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In gaming, a tier list is a list that ranks all characters in order of their potential to win under tournament conditions, assuming equal skill on the part of each player. A tier list is decided based on the analysis of the following:
- The metagame and the effectiveness of the characters' strategies
- Each character's moveset and statistics
- Each character's matchup spread
- Each character's tournament results
Tier lists are commonly made for fighting games that are played on the high competitive level, such as Mortal Kombat 9. Some games that aren't fighting games, but have large character sets, such as the Pokémon series, can also have their own tier lists.
The metagame of each game in the Super Smash Bros. series encompasses all the currently known techniques and strategies that have proven useful during tournament matches, thus, the tier list for each game ranks and measures the expected competitive performance of every character, based upon analysis of these techniques and strategies. The most widely accepted tier lists in the English-speaking community are those produced by the Smash Back Room.
Individual matchups affect, but do not ultimately determine, characters' tier list rankings. Often, a particular character will carry a supposed advantage over another character — such a matchup is known as a counter. However, some characters have an advantage over a character that is higher on the tier list.
How much matchups affect a character's ranking is mostly on how well they perform against the more common characters in tournaments.
Current Tier List
Controversy over the existence of tiers
It is a common misconception among new players, and even a few experienced players, that all the characters in the series are equal. These players believe that the inherent strengths and weaknesses of characters balance them out, thus eliminating the need for tiers. However, the consensus of competitive players, and knowledgeable but non-competitive players, is that tiers do exist. They argue that it would be almost impossible for developers to balance a game of unlike characters, because the differing properties of each character produce a large number of variables that cannot successfully be monitored and modified for the purpose of perfect balance. Thus, developers cannot foresee top level strategies, and even deliberate efforts will not perfectly balance a game at a professional level. Furthermore, the developers did not solely intend for games in the Smash series to be played at high competitive levels under tournament rulesets, which are what tiers are based on, and their idea of balancing may have been different from that of other competitive games. Years of empirical results also support the existence of tiers: national tournament winners of Melee have most commonly used Marth, Jigglypuff, Fox, Falco, and/or Sheik. Additionally, the top 25 players on the SSBPD for Melee were almost entirely top- or high-tier mains; the sole two exceptions were Shroomed, who used Dr. Mario (then considered a middle tier character), and Axe, who used Pikachu (then considered a low-mid tier character), but even these two players had top tiered secondaries, with the former using Sheik and Marth and the latter using Fox and Falco.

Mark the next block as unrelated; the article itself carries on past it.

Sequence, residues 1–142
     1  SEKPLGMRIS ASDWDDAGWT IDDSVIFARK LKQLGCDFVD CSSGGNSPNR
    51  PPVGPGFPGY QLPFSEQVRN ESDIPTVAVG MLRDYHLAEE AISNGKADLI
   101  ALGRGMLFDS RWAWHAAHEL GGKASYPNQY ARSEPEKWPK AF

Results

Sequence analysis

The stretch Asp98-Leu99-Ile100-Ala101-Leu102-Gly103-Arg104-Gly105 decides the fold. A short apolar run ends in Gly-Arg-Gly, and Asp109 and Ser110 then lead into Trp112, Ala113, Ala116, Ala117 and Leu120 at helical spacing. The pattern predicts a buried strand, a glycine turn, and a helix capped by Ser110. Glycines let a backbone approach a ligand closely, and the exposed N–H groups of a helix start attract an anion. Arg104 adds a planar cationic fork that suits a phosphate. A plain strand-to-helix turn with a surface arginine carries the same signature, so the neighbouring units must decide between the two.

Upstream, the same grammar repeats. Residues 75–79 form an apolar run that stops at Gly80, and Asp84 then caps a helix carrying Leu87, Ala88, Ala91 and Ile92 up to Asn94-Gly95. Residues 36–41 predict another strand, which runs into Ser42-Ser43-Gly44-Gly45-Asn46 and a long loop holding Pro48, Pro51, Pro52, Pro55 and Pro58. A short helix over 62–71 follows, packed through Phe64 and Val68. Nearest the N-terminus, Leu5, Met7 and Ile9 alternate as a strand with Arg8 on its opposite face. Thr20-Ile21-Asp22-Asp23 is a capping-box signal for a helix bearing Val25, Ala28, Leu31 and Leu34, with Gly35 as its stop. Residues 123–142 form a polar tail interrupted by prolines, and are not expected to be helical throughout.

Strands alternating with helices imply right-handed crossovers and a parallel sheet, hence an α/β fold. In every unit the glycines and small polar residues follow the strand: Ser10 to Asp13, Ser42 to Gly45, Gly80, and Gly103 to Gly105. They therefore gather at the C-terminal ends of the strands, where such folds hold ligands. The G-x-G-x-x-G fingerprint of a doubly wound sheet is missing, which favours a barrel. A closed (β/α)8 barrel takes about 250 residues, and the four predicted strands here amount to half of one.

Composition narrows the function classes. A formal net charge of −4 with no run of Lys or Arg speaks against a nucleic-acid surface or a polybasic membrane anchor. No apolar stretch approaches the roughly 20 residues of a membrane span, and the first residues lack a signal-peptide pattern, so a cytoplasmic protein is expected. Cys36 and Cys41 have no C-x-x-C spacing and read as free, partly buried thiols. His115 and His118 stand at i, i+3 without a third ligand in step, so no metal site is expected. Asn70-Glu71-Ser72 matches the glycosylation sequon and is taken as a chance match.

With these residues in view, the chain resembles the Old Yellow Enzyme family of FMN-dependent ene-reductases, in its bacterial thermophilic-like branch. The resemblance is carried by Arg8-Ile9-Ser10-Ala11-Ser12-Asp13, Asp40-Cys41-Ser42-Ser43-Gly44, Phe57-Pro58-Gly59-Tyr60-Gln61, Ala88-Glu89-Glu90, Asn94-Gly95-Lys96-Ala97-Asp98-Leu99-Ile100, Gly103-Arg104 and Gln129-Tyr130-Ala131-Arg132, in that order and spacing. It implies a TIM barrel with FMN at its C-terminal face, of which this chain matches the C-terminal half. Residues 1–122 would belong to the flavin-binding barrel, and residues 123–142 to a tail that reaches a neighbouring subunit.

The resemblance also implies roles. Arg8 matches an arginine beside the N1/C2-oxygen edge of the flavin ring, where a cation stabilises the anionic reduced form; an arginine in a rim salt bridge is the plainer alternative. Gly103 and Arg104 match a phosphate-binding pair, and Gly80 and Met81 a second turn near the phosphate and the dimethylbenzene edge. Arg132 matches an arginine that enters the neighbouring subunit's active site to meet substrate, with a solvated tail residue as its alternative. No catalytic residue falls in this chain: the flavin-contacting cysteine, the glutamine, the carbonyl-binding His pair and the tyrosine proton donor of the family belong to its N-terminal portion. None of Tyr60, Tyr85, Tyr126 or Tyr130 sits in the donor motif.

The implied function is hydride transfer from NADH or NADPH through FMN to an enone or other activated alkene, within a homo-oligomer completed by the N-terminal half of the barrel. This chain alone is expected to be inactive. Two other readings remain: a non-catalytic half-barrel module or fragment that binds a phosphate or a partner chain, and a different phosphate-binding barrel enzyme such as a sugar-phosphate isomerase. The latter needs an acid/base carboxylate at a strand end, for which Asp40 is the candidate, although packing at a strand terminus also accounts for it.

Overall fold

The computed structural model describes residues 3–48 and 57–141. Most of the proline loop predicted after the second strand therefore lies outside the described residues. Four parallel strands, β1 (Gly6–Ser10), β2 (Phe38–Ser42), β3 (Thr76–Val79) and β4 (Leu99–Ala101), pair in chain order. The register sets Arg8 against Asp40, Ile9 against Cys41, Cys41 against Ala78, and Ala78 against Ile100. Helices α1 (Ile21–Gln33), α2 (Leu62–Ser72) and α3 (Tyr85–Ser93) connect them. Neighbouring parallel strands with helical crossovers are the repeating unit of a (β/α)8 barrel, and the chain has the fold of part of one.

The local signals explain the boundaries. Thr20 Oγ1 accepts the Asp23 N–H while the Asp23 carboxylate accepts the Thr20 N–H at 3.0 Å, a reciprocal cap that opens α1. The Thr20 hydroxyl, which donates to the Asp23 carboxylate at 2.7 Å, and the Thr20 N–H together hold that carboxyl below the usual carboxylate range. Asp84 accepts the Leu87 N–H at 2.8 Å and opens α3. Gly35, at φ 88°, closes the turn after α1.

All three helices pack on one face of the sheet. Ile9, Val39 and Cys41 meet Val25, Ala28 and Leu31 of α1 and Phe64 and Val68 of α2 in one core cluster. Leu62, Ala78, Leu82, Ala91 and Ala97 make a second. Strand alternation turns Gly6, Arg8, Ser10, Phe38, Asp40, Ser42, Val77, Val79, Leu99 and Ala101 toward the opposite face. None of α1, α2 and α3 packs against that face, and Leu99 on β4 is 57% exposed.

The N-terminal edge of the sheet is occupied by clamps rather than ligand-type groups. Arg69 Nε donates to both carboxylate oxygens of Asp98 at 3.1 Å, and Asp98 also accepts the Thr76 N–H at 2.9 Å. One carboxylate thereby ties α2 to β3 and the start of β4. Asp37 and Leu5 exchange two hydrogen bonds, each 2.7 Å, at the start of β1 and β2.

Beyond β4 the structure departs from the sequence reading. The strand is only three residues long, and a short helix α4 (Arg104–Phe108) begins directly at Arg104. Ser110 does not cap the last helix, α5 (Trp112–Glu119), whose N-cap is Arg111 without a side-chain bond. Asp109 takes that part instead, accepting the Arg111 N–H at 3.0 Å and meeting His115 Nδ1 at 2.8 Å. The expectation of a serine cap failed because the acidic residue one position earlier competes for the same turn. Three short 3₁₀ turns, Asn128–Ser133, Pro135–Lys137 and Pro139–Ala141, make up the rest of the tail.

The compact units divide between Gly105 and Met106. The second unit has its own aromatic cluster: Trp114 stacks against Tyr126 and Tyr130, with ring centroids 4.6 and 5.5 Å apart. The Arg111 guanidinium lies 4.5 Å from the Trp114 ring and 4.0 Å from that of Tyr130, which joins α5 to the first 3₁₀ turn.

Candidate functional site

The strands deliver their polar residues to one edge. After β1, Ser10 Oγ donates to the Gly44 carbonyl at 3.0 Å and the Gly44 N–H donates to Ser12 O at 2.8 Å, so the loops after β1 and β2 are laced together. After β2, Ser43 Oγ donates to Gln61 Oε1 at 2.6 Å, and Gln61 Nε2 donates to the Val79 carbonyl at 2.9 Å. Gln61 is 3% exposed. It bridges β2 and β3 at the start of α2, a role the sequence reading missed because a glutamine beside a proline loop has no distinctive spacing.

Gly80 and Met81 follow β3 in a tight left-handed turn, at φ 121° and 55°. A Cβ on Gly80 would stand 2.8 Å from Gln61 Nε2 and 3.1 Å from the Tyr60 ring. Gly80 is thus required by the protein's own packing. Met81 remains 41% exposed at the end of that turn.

Controversy periodically arises over the existence of tiers, most notably during the "tier wars" on GameFAQs and Smashboards. Some smashers, called "anti-tiers", argue that every character can be played equally well and that therefore, tiers do not exist and tier lists are unnecessary. To support this argument, they claim that the presentation of a tier list creates a cycle in which players see the list, and choose only higher-tiered characters to compete with, which causes only those characters develop an advanced metagame, thereby reinforcing the high-tiered characters' positions. They also argue that the tier list cannot be true because it continuously changes. The problem with the former argument, is that while higher tiered characters do see more usage, even the lowest ranked characters have professionals dedicated to using them, such as Taj and aMSa in Melee. These professionals put in as much effort and time, if not more, as the players of higher tiered characters to develop their characters' metagames, and continually discover advanced techniques of theirs. Despite this, barring a breakthrough discovery, the playerbase of lower tiered characters has routinely performed worse in tournaments than that of higher tiered characters, with even the best player of a lower tiered character very rarely ever placing high enough to win money in regional/national tournaments without strong top-tiered secondaries. Additionally, while rare, there have been cases of a player dropping their main character for a higher tier character, and then performing even better in tournaments. For example, in Melee, Leffen changed his main from Yoshi to Fox. Leffen has since risen to much higher levels of play, becoming dominant in his region and the international scene. In response to the fact that the tier list changes, pro-tiers state that the anti-tiers' argument does not weigh against the existence of tiers, because the tier list must change as the metagame changes and new strategies previously unknown are discovered; while an individual tier list may not stay accurate forever, as explained in the previous paragraph, it does not discredit the existence of tiers.